Diagnosis Of Benign Scrotal Surgical Specimens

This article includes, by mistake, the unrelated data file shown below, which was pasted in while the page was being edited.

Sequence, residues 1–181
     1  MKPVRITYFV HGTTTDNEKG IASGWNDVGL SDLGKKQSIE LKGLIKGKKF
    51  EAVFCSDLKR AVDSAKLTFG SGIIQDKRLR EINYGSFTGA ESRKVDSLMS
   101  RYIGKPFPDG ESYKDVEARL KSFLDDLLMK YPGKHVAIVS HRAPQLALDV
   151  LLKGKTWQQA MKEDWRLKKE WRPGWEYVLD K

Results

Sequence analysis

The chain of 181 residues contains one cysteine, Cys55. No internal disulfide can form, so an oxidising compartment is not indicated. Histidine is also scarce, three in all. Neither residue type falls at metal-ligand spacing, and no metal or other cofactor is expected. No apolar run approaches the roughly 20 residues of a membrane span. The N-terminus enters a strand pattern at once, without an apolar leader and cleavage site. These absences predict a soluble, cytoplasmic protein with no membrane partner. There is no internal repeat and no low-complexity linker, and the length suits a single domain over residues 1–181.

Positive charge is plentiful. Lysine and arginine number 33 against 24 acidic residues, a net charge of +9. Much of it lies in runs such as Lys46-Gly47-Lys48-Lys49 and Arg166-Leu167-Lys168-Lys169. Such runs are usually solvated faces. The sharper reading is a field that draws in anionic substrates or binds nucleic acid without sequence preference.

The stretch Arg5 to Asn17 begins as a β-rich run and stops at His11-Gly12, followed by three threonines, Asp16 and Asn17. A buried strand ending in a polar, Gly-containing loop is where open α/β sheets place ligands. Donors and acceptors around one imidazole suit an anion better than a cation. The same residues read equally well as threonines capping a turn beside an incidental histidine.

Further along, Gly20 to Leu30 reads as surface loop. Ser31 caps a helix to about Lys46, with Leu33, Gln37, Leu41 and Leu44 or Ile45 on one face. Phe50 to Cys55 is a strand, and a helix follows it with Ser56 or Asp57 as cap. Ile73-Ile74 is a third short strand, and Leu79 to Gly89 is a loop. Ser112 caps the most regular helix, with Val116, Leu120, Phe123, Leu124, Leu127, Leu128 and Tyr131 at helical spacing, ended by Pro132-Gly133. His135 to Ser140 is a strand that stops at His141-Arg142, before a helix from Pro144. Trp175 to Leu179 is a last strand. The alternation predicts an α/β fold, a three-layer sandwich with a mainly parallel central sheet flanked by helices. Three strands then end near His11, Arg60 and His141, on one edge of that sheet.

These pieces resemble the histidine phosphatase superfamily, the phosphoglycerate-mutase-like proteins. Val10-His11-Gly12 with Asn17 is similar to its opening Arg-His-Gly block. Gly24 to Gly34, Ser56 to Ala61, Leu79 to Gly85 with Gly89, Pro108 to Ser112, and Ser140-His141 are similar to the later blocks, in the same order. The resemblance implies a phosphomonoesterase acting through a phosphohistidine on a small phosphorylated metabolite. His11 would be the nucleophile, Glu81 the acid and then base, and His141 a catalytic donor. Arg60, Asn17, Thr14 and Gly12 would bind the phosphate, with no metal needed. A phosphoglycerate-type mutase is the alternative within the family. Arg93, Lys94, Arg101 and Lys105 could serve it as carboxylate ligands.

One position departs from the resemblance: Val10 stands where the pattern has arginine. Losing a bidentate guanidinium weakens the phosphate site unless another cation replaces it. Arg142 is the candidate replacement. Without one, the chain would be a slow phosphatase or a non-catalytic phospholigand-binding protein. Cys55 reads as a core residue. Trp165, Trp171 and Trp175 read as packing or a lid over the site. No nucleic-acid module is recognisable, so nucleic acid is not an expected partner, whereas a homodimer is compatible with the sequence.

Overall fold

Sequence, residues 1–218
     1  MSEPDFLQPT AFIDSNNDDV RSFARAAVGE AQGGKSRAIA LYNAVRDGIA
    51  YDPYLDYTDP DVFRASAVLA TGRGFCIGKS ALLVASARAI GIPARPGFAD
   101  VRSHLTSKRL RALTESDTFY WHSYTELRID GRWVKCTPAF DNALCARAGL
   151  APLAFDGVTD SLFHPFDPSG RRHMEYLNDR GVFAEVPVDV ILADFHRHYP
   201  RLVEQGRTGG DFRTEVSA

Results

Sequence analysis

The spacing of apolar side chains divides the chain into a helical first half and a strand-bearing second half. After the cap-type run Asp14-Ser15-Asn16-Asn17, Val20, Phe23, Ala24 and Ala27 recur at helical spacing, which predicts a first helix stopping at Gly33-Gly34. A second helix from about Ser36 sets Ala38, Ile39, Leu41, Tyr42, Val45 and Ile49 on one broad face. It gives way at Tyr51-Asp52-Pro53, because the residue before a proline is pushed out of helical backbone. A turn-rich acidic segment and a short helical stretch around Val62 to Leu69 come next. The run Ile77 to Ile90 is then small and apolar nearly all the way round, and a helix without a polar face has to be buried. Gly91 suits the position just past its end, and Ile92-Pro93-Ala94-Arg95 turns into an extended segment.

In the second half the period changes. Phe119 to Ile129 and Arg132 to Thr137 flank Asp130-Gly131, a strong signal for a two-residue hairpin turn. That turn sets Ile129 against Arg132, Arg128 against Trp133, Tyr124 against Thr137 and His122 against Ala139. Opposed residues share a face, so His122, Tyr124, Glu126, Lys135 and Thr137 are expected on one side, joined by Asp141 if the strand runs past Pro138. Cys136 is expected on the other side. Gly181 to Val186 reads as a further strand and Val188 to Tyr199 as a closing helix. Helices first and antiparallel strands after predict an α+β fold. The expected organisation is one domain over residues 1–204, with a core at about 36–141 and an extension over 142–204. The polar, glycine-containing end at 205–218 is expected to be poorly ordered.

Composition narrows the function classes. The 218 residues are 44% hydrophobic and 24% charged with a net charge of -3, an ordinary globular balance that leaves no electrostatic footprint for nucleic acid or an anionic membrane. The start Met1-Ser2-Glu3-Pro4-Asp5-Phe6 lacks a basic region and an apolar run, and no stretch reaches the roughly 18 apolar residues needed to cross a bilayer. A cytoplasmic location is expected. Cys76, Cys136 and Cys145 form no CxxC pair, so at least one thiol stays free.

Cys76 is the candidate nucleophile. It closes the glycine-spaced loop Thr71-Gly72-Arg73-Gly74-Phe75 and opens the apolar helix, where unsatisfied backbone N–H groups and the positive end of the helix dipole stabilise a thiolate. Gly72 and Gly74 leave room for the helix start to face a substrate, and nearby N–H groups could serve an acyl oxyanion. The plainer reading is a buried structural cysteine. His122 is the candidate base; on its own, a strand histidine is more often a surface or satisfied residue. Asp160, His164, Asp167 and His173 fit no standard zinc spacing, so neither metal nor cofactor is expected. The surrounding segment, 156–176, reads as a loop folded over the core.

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Abstract Purpose: We recently demonstrated that pathologic analysis of benign scrotal surgical specimens may be unnecessarily increasing costs of patient care. Adult circumcision specimens may also routinely be sent for pathological analysis even when penile cancer is not suspected, increasing costs with little benefit. To assess the utility of foreskin pathology analysis, we evaluated the outcomes and the costs of this practice in patients where penile cancer was not suspected. Materials and Methods: All adult patients who underwent circumcision between January 2000 and August 2013 at a single institution were evaluated by retrospective chart review. Cases of suspected penile cancer (n=6) were excluded. We identified cases where foreskin specimens were sent for pathological analysis and reviewed pathology reports. Our Department of Pathology estimated the cost for evaluation of specimens at $311 per case. Results: A total of 147 circumcisions were performed in patients with no suspicious findings. Pathologic analysis was obtained in 69% (101/147) of the cases. Inflammation (58%) was the most common finding. One unsuspected instance of squamous cell carcinoma (Tis) was identified in a patient with HIV (1/147=0.7%). The overall cost of pathology analysis in this study was $31,411. Conclusions: In individuals without predisposing immunodeficiency and where cancer was not suspected, we found that pathology analysis of circumcision specimens identified no additional

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